In an effort to improve my “Unix” skills I’m trying to do more and more on the command line, such as writing this blog. This has worked out for me in a lot of ways, making much of my work faster, less environment dependent, and easier to reproduce/script. I’ve learned lots of tricks to help with this, but recently came across one of the best ones: Aspell.
First a confession: people get into the computer industry for lots of reasons. My reasons were kind of different: I couldn’t spell and have terrible handwriting. In 4th grade being told this magic box would make my ideas legible and spelled correctly was game changing for me. But I digress.
So while Vim is great and all one of the things I struggled with is being able to spell check documents. Then I found Aspell:
GNU Aspell is a Free and Open Source spell checker designed to eventually replace Ispell. It can either be used as a library or as an independent spell checker. Its main feature is that it does a superior job of suggesting possible replacements for a misspelled word than just about any other spell checker out there for the English language. Unlike Ispell, Aspell can also easily check documents in UTF-8 without having to use a special dictionary.
I’ve been really impressed with Aspell and after using it a few days it’s gotten a place on my “must have software” list. It’s pretty simple:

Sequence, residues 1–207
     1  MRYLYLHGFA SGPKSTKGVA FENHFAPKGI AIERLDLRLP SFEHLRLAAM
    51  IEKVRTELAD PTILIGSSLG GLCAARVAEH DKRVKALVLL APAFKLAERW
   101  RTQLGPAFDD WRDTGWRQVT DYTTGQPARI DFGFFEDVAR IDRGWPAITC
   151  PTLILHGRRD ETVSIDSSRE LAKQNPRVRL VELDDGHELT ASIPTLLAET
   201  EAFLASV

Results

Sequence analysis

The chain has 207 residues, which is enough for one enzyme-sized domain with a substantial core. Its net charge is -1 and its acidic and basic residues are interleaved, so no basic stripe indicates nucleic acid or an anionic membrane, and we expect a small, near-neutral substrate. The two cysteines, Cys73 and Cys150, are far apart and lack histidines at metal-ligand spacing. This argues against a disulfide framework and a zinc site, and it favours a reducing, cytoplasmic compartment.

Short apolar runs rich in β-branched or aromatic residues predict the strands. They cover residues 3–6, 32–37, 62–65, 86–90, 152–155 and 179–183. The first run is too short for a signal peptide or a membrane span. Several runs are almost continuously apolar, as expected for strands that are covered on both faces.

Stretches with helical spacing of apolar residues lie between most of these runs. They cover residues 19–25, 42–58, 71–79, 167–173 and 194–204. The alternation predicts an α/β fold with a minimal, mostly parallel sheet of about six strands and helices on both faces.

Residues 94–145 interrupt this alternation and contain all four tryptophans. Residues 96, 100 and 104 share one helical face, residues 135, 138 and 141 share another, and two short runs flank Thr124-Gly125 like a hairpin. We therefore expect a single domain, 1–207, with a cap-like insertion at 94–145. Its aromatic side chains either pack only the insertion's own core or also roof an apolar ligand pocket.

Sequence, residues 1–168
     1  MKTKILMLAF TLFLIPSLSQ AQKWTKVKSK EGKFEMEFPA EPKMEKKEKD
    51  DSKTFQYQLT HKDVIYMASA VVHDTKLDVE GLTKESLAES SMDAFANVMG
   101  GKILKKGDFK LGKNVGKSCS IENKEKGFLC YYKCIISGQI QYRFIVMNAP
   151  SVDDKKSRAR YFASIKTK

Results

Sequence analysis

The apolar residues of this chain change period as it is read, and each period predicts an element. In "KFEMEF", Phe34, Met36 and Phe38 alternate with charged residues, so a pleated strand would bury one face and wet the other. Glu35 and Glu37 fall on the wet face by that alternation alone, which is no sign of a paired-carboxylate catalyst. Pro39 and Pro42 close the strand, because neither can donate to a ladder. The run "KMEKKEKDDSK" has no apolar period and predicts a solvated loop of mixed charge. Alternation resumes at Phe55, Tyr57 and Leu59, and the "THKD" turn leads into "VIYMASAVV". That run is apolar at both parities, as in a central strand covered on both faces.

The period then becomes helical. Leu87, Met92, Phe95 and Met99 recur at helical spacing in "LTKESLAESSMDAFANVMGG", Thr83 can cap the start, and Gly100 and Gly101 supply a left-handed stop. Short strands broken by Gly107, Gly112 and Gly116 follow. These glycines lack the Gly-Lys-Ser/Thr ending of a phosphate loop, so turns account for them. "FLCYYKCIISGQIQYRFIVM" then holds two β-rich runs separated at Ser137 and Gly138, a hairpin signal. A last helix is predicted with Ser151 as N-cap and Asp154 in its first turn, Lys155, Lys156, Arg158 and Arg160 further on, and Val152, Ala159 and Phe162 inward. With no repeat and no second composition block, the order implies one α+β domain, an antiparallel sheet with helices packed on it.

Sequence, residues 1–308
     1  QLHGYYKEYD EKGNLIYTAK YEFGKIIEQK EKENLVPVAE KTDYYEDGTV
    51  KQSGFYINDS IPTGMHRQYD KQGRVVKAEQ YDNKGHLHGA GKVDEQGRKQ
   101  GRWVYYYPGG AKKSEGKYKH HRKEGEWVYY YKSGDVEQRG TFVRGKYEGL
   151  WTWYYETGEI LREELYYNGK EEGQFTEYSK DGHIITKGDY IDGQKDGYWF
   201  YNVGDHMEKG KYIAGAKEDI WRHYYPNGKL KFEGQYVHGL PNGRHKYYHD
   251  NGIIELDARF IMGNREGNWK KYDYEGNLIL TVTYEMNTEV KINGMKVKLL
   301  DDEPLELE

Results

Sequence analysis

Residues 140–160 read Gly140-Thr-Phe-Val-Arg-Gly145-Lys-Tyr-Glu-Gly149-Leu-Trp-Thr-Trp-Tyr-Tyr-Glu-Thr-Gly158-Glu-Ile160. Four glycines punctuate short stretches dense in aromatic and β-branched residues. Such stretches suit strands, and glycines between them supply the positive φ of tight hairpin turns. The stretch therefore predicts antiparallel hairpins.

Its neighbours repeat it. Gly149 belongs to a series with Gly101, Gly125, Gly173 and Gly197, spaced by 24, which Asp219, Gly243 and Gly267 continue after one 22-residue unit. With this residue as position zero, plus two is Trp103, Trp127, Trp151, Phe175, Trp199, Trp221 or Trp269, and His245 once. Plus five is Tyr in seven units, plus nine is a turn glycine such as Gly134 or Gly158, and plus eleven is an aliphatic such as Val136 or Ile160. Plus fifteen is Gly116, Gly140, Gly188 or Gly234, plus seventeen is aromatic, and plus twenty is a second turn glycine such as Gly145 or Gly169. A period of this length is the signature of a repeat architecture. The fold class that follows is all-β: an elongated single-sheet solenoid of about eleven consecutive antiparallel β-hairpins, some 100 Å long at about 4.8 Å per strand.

$ aspell -c _posts/2014-01-20-commandline-spellchecking-with-aspell
Brings up a straight forward text interface:
The suggestions are usually spot on and it has most of the features you’d expect from a mature spell checker in an application like Microsoft Word or Apple Pages, both of which I rarely touch anymore given the strong the combination of Vim, Aspell, and Markdown. If you’re working on lots of text documents on the command-line I cannot recommend it enough.
Bonus: If you’re just getting into Vim, as I am, I cannot recommend Vim-Adventures (billed as “Learning VIM while playing a game”) and Square’s Maximum Awesome (billed as “Config files for vim and tmux, lovingly tended by a small subculture of peace-loving hippies. Built for Mac OS X.”) enough. They’ve made getting into Vim straight forward and fun.
Originally published at sroberts.github.io on January 20, 2014.